Friday, April 30, 2010

Take your's Good For You

Americans just do not like to discuss estate planning. Supposedly 7 out of 10 of us have no plan. Of the 3 who do, what are the chances that the plan is up to date? 

A friend of mine, Michael Stuart, just sent me this article in the NY Times, Estate Planning as Family Conversation, talking about talking. I wanted to share it with you as it paints the picture of what happens with no plan, and even how to open a conversation about one. 

When I think about the plans that I have helped clients create, many stories come to mind. One recurring theme is a senior couple who own some investments and real property, with one of their adult children serving full-time as a caretaker. Other kids are not too involved in things… and the caretaker daughter pretty much has her hands full with children of her own and helping out the folks. In this situation, the adult daughter has a full time job or two already… and no outside means of support. 

Many parents want to treat children "equally." But what do you do when there is only so much to go around, and the cost to one kid (the helper) is simply going to be too high for that to even remotely be fair? Parents must first plan for their care, then consider being "fair" rather than "equal" to those who follow.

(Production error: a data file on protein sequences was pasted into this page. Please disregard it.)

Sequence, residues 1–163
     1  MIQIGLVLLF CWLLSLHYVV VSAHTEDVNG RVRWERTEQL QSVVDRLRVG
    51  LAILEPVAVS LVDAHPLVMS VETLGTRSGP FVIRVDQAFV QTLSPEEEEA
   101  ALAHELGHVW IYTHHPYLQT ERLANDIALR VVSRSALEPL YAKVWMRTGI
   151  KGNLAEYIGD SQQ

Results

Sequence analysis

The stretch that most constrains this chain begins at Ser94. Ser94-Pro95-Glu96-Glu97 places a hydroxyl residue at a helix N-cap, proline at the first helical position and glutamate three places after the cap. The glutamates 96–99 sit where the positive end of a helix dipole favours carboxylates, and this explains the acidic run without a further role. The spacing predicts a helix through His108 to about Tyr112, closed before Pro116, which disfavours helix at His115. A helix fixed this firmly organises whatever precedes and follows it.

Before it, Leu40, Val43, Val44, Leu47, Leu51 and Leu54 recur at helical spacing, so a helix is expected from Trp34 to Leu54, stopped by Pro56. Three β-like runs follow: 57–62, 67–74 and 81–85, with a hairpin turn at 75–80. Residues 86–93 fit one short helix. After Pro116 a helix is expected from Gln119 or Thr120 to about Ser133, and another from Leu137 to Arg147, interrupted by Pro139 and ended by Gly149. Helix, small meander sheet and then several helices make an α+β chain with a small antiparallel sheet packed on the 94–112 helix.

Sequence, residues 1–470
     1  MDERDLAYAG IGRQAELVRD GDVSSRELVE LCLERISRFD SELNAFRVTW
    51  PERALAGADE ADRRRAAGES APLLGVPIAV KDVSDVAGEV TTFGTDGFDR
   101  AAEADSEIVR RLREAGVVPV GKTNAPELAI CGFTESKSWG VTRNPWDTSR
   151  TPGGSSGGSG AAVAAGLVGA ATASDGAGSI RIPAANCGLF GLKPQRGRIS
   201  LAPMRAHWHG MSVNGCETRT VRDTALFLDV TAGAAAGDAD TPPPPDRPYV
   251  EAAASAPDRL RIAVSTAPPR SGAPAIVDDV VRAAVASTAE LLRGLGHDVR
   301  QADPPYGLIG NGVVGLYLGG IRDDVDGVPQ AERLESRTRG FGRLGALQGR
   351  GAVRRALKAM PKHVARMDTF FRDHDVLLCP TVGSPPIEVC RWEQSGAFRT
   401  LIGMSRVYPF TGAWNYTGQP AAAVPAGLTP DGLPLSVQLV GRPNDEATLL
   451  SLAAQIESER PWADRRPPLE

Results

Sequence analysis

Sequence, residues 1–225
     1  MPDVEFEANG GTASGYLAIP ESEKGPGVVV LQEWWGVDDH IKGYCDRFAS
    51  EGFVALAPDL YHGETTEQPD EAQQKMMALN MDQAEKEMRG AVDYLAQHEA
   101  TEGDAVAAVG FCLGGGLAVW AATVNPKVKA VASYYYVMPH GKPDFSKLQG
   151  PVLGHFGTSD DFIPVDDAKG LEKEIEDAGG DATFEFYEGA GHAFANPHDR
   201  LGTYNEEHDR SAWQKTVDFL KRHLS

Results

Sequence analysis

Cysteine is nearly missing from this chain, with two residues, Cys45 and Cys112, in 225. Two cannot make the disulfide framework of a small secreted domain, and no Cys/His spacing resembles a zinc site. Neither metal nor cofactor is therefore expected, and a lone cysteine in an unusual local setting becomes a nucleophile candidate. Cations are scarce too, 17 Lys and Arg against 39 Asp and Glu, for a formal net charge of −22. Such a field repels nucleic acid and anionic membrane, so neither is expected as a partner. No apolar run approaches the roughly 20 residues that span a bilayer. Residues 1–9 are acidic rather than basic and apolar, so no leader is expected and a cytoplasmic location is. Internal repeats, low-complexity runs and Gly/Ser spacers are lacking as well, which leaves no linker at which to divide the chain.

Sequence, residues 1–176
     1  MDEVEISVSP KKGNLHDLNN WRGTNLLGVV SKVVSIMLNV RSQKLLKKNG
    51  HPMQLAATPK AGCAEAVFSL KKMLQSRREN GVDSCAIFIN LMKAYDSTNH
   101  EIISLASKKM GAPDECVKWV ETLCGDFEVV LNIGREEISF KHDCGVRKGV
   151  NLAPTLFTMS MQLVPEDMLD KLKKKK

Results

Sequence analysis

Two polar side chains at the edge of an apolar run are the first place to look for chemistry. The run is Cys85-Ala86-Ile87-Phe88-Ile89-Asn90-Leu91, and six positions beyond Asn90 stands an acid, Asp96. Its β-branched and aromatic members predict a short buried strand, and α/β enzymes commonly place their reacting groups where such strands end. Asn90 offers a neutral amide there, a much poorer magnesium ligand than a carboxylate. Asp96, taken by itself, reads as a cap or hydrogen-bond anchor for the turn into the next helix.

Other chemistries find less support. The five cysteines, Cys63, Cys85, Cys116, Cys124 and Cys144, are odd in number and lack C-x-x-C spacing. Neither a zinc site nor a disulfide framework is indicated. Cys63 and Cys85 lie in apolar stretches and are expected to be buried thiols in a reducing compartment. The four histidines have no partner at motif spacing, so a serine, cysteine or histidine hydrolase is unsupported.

It's often the right thing to do… but without some conversation, and openness, it will likely have a huge cost in terms of relationships down the line. And ignoring this dynamic is unlikely to provide a better result. So start talking, it is a big first step to helping you with your estate planning today and well into the future.


Tuesday, April 13, 2010

Why is better than an attorney

A legal colleague of mine, Dennis Brislawn, wrote an interesting blog post about the use of compared with the services of an attorney, and I thought you might find his perspective interesting.
I recently had an opportunity to check out some LegalZoom documents.  One of my friends used the LegalZoom service to prepare some Wills for his kids.  They were simple trust planning documents.  Each spouse left the estate to the other, but if both were deceased, they had a Common Trust for all kids until they turned 21, then money would split into shares that each child would receive in equal installments at ages 24, 27, and 30.  These LegalZoom documents even had powers of attorney and all the trimmings.